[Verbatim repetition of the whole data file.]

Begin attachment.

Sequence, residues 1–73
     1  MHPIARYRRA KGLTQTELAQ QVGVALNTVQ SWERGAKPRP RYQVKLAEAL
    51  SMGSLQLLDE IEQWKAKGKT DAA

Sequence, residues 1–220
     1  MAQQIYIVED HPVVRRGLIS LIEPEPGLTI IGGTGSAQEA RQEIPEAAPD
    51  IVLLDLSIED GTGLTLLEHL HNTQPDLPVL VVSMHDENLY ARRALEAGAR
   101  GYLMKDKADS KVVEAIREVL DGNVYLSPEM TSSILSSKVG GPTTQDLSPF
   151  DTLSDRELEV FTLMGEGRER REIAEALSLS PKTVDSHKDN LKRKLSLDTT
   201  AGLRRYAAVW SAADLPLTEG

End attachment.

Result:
Sequence, residues 1–73
     1  MHPIARYRRA KGLTQTELAQ QVGVALNTVQ SWERGAKPRP RYQVKLAEAL
    51  SMGSLQLLDE IEQWKAKGKT DAA

Sequence, residues 1–220
     1  MAQQIYIVED HPVVRRGLIS LIEPEPGLTI IGGTGSAQEA RQEIPEAAPD
    51  IVLLDLSIED GTGLTLLEHL HNTQPDLPVL VVSMHDENLY ARRALEAGAR
   101  GYLMKDKADS KVVEAIREVL DGNVYLSPEM TSSILSSKVG GPTTQDLSPF
   151  DTLSDRELEV FTLMGEGRER REIAEALSLS PKTVDSHKDN LKRKLSLDTT
   201  AGLRRYAAVW SAADLPLTEG